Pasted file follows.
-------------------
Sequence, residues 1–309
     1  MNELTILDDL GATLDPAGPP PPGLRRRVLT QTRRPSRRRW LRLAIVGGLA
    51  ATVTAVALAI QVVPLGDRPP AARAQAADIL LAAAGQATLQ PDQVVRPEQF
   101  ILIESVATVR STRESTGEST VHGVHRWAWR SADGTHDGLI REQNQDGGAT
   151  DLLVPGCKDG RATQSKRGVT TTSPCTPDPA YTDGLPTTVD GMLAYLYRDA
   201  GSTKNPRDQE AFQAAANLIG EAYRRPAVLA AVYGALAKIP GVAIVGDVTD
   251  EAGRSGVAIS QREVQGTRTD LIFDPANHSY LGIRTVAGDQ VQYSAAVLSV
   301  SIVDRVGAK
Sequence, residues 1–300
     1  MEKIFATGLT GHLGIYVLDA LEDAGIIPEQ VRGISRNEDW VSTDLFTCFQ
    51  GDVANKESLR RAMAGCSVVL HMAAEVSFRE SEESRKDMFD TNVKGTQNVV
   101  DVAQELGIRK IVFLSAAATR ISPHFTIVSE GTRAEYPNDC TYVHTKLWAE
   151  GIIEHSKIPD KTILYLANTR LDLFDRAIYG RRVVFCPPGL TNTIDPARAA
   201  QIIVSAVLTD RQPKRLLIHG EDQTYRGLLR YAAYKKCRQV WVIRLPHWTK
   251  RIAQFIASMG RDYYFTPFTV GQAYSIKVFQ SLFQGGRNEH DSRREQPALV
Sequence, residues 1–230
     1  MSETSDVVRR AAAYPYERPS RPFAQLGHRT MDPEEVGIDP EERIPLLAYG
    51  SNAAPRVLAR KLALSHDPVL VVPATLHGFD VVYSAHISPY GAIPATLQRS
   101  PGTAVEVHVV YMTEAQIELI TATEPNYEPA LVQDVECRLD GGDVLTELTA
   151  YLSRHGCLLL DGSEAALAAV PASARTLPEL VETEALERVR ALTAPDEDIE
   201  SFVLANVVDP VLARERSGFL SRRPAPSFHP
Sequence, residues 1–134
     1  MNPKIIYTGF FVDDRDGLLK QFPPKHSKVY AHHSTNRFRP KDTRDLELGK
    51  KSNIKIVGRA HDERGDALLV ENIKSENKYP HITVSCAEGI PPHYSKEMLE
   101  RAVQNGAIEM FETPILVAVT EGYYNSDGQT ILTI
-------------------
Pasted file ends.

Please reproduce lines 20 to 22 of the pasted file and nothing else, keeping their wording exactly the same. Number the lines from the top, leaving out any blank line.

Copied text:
   151  YLSRHGCLLL DGSEAALAAV PASARTLPEL VETEALERVR ALTAPDEDIE
   201  SFVLANVVDP VLARERSGFL SRRPAPSFHP
Sequence, residues 1–134